Friday, June 16, 2006

Review Central - Boys (uncut, uncensored remarks!)

’’When the truth was depicted without pretense, some scenes were not acceptable to some and are hence removed’’

This is the gist of what director Shankar wrote alongside a big ad claiming MUST-WATCH-FOR-THE-WHOLE-FAMILY for his latest venture.

Mr. Shankar’s statement is an insult to the collective intelligence of his audience. However hard it may be for a person of such bloated ego as Mr.Shankar’s to swallow, we do not shy away from ’truthful’ scenes; We shun from offensive scenes.

Offensive adj utterly unpleasant or distasteful to the sense or sensibilities.

And now, what I found offensive in the film AND how inspite of my disbelief that there could exist something even MORE offensive than this shabby, crude, illogical farcical attempt at something masquerading as a film, the director’s ’statement’ has managed to make even the most mild mannered film-goer see red.

Ladies and Gentlemen, without further delay... I give you... BOYS, the review!

What can I say about this movie that hasn’t already been said? That is is vile? No, I believe that word has been used to describe the film already a 100 times. Disgusting? No no, that single word has summed up this mockery of the cinematic experience about a 1000 times already. Putrid? Insensitive? Servile? Sordid? Squalid? Despicable? Rancid? No no, they have all been used (with good reason) by reviewers before me...

Ok, how about this? This movie is an absolute FARCE.

Farce noun An insincere, contemptible, or impertiment imitation of something worthwhile.

Why the strong sentiments you ask? Where shall I start..... At the beginning would be a good place!

Our opening scene shows 5 boys and their ’normal’ outlook and approach to life and love. One boy’s sole aim in life is to catch glimpses, whenever he can, of women’s breasts... mothers, sisters.. in fact, middle-aged women seem to form the crux of his repertoire. How touching, How wholesome, How heart-rending his attitude is. Another prowls the streets of Madras with his fly open. When a girl laughs at him, he hounds her with questions as to the cause of her mirth and in reply to her subtle ’’YOUR FLY IS OPEN!!’’ he laughs and then replies that he intentionally did that because otherwise such a pretty girl wouldn’t have noticed him. *sigh* Absolute poetry. Warms the cockles of my heart. How true and unpretentious Mr.Shakar has been in the depiction of these 5 normal boys with their normal behaviour. Thank you ever so much Mr.Shankar for reconnecting me with my childhood memories, when I was truthful and unpretentious and prowled the streets of Madras like a sex-crazed fiend.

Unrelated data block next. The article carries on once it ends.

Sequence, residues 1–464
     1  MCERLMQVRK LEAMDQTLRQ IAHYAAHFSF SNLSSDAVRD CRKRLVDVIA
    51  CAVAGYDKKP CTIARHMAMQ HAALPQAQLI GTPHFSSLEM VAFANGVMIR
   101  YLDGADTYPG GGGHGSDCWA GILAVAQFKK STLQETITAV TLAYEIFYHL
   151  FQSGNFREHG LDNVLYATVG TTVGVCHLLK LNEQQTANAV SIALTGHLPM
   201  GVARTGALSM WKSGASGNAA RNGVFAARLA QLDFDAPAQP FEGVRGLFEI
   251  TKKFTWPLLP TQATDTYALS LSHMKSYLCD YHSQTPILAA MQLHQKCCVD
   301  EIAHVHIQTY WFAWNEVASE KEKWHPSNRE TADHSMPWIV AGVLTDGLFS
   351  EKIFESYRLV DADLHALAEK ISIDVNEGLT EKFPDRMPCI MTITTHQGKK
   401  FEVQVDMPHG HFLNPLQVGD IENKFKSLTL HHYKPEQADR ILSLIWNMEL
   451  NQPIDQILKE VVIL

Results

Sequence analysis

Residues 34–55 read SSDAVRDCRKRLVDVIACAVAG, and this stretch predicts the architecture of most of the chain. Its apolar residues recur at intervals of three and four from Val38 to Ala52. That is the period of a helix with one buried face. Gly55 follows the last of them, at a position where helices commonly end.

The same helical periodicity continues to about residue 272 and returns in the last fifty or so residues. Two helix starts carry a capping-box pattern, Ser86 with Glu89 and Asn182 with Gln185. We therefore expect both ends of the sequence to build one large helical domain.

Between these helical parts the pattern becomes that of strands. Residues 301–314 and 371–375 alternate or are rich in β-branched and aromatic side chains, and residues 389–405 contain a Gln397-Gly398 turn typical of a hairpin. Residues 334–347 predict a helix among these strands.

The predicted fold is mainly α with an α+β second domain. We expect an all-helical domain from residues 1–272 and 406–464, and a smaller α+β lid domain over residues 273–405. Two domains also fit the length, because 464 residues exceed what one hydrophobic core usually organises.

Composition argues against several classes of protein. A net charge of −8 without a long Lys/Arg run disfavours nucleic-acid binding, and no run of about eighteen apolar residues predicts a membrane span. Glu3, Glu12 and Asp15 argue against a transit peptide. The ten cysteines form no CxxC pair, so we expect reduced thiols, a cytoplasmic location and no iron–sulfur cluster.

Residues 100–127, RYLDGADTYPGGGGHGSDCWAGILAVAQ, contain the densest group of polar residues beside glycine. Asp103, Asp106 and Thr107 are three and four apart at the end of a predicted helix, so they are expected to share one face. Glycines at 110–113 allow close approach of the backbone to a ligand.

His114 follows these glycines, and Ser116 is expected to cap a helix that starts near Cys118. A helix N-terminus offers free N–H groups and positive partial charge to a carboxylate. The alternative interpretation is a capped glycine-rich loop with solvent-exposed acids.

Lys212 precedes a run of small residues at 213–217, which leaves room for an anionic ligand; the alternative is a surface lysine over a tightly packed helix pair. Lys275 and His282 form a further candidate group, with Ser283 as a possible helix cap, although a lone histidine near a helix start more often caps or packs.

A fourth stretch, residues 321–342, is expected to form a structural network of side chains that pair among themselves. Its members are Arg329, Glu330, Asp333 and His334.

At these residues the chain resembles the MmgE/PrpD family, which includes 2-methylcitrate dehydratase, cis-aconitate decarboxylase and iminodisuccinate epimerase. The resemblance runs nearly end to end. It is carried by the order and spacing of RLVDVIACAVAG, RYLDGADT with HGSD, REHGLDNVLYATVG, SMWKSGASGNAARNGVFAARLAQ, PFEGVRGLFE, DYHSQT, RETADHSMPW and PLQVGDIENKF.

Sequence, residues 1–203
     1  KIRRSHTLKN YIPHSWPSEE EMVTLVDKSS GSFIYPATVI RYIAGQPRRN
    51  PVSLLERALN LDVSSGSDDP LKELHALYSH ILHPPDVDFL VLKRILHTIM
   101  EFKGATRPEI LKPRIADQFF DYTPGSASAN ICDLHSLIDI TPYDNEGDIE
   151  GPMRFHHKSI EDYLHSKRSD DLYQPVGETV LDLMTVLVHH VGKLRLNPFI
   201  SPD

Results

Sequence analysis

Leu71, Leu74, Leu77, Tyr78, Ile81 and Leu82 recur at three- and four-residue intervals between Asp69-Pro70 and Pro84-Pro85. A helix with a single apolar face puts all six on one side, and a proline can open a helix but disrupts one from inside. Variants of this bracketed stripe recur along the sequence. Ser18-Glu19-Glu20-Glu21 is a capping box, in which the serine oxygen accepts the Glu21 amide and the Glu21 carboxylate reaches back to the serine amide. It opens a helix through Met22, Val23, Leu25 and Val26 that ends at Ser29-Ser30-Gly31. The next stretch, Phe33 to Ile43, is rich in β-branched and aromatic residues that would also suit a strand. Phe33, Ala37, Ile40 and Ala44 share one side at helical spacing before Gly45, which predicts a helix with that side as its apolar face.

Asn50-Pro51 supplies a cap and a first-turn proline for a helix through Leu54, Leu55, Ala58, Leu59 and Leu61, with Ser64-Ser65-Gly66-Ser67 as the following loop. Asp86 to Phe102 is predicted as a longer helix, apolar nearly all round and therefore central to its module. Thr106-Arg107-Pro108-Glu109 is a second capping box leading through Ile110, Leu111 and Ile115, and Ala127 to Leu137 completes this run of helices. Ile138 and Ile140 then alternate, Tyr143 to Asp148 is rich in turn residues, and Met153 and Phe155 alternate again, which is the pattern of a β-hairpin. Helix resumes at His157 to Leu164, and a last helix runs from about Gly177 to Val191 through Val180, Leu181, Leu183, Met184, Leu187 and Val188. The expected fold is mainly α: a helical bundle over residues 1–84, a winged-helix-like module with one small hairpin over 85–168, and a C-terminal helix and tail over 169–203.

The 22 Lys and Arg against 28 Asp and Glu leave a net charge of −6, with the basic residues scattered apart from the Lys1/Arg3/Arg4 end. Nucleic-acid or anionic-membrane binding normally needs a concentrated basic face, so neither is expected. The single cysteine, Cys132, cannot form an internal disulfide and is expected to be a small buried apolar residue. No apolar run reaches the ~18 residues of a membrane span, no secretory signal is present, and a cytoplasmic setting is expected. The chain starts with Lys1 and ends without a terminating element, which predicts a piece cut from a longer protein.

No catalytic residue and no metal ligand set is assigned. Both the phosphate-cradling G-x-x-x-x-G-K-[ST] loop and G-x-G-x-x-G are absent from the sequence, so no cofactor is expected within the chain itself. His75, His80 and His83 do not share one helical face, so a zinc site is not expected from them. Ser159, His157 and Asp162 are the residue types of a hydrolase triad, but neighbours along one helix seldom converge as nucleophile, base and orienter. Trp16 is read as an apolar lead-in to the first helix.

But wait, we must not begin to wallow in nostalgia just yet! There are miles and miles of film-reel to review before I sleep.

After such an excellent introduction to our friends the audience must now accompany them on their journey (As if we care, I would have applauded had they jumped off a cliff and died then and there) As is essential in any boy’s transition from boyhood to manhood, on hearing that the parents of our protagonist, Munna, will leave town, his upright and respectable friends come over to his house under the pretense of studying and decide to call a prostitute.

Now, I will be fair. Such a situation is not new to a regular movie-goer, however far (or near as Mr.Shankar claims) it may be from what is universally accepted as a truthful and unpretentious depiction of a normal boy’s life. I have watched far worse in Austin Powers. A claim made by some people that we are hypocrites for shunning Boys while we do not blink an eyelid while watching English films, fails to take into consideration one vital point.